In fact, in response to one of my recent posts, a reader challenged me to give an example of how to actually make a “quality financial planning experience” (emphasis mine). So here it is, for one step of the process for starters.

Data gathering as it happens today

Before we dive into the changes to be made to the process, though, it’s important to take a step back, and really look at the data gathering meeting and experience as it typically exists right now, from the client perspective.

For the client, the data gathering process feels like a giant homework assignment. The planner delivers a long list of things the client has to work on, before returning to the next meeting. Documentation has to be gathered for every account – perhaps an easy task for a select few clients who are already highly organized, but a terrible chore for the average person who probably doesn’t spend a great deal of time keeping their financial life in order.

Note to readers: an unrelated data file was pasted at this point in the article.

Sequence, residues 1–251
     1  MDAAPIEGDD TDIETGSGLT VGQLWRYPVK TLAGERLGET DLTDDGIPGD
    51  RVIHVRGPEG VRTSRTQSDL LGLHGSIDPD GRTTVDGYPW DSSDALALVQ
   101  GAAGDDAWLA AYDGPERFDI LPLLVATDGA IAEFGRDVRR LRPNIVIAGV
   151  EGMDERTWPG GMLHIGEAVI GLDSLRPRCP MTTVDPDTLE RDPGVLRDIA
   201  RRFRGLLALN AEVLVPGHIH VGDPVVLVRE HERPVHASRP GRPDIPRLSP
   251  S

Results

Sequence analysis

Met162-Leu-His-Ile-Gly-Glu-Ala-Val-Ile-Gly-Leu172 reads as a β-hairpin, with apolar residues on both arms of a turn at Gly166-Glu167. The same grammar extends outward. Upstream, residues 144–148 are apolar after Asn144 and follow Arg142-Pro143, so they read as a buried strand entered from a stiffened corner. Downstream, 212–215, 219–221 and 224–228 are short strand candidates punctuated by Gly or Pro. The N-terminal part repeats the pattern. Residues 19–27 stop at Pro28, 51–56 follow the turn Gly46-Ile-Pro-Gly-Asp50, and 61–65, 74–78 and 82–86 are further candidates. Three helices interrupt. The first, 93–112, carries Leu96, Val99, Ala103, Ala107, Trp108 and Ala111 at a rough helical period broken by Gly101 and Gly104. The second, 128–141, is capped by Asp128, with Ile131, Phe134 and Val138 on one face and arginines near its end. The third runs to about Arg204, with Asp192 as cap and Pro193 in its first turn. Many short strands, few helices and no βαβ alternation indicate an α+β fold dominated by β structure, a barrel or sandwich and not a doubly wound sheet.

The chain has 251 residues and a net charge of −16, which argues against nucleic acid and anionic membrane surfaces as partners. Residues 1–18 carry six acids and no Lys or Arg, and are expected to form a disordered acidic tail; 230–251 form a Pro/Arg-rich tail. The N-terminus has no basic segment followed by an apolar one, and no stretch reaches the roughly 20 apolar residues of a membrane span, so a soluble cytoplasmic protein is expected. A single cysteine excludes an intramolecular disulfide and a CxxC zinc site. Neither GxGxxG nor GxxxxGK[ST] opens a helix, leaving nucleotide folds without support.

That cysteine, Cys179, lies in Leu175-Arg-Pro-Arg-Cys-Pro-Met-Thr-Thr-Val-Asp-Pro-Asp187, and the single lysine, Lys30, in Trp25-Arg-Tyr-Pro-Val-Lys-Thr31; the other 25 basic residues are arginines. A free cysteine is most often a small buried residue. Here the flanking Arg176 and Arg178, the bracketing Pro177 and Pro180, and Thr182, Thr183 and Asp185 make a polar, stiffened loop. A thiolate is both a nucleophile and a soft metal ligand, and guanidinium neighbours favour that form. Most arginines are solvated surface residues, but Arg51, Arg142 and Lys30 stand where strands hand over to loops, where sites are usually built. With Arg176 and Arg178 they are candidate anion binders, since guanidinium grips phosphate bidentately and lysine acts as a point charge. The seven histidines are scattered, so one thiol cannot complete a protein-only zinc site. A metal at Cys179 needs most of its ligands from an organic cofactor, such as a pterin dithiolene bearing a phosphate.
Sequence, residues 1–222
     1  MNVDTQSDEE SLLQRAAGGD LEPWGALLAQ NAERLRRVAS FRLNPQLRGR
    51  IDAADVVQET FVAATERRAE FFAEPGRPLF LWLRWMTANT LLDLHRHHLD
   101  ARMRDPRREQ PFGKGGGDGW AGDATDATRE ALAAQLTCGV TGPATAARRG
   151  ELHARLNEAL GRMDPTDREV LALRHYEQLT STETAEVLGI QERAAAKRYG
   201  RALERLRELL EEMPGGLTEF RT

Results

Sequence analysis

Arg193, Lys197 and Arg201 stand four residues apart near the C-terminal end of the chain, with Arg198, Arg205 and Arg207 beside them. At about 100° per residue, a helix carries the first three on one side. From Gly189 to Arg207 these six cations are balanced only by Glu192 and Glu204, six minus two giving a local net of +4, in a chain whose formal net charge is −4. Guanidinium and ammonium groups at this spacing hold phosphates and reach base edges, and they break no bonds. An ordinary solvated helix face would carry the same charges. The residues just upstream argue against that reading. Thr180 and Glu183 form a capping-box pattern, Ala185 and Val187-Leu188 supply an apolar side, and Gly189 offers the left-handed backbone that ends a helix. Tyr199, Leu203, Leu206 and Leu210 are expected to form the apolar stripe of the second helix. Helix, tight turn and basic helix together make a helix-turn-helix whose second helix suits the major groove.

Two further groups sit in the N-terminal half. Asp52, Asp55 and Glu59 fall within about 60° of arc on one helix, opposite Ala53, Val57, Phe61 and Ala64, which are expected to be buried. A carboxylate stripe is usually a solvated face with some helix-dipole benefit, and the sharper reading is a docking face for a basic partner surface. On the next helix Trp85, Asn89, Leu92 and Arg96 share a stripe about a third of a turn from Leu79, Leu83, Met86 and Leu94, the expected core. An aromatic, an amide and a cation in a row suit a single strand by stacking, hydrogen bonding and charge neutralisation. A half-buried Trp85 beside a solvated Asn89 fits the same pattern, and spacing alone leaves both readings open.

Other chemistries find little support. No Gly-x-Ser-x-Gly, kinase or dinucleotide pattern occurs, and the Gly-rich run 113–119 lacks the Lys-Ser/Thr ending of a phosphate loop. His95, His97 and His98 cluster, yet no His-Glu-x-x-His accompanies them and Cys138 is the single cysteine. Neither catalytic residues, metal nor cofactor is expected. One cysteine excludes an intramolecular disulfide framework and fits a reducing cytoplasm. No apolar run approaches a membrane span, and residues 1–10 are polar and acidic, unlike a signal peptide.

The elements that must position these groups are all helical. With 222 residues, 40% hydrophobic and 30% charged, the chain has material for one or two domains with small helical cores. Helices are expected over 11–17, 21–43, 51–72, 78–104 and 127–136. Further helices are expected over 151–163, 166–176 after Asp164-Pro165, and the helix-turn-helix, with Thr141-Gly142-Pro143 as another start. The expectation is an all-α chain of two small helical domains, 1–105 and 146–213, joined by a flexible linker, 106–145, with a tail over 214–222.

The client may even begin to have feelings of inadequacy: Does everyone else have this information put together but me? My planner seems to expect that I should have all of this material at my fingertips. I feel like I’m failing and I haven’t even started yet! Not exactly the best way to start off a relationship. And then the natural human responses start to kick in: This is embarrassing, I’ll just put this off until later (Procrastination). I don’t even know where some of this stuff is; I’m humiliated to admit to my planner that I don’t even know where all of my statements are (More procrastination). If I just ignore how awkward this whole experience is, maybe it’ll just go away (So much procrastination the financial planning process is dying before it even begins).